On Mon, 2 Mar 1998, Chan Dorothy wrote:
> Perhaps what we claim to be
> new features are the stuff that are different from the fixed "old"
> categories but which of them might become relevant for us at some of
> our life. Therefore, it is necessary to "label" them.
Yes, one possibility is that there are no new features, just features
that happen to be the features of the things we need (or choose) to
name; it can even be the feature itself that we choose to name.
> But how can we
> communicate with each other? Why do we know what is a square or
> round object. Are they just terms for conventional use?
Clearly, either we all have and use the same features or they are
similar enough that we don't notice that we may not mean exactly the
same thing all the time, when we name things or their features.
> our memory capacity is vast but how can we
> successfully draw out the "right feature" at the right feature
> decision moment?
That's one of the big, not yet solved problems of cognitive psychology.
We need to "reverse engineer" a mechanism that can find features and
categorise as we can and do.
> Can the "prototype theory" be of any use? In
> that, the prototypic member sets out the path for allocating
> weightings for certain features? But how does this comparison
> process work?
This is controversial. A successful prototype model that manages to
categorise as we do, and uses distance from the nearest prototype in some
sort of a continuous internal feature space would be strong evidence
that this is the way our brains do it too, but there is no such model so
far. Prototypes seem to be better suited to explaining "typicality"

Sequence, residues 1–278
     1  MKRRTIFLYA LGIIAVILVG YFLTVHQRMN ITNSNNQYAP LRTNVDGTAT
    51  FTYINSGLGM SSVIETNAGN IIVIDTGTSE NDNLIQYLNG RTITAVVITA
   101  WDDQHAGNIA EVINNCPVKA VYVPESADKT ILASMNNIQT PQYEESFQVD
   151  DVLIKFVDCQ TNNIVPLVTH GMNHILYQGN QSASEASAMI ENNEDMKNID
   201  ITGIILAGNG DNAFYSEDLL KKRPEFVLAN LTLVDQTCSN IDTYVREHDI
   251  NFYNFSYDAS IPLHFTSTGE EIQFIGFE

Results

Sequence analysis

effects (why we think a robin is a "better example" of a bird than a
penguin, and why we can categorise it more quickly) than they are in
explaining categorisation itself.
We have to remember that most categorisation is CATEGORICAL, which
means that the members of the category are complete members, not
"partial" members. So a prototype model would have to explain how there
are all-or-none category boundaries in feature space. That's the hard
part to model and explain; typicality is the easy part, because it
already presupposes that we can categorise, and only explains why we
categorise some members more quickly than others, and consider them
more typical of the category.
> How at the end of the day do we say that "this is a feature?"
> Feature is the term which we develop to define objects or even
> events or to specify that "something" is a characteristic of
> "another thing" or is it beng created for organisation purpose?!
> How can it be stored in our brain?
To see (when it is not obvious) that some things are of the same "kind"
and others or not, we have to find a way to distinguish, correctly and
reliably) those that are and those that are not the same. What we USE to
do this must be features of some kind. Our brain must be able to detect
and use those features. Whether it detects them innately, or somehow
manufactures a special detector to suit the specific categorisation
problem is what is at issue here.
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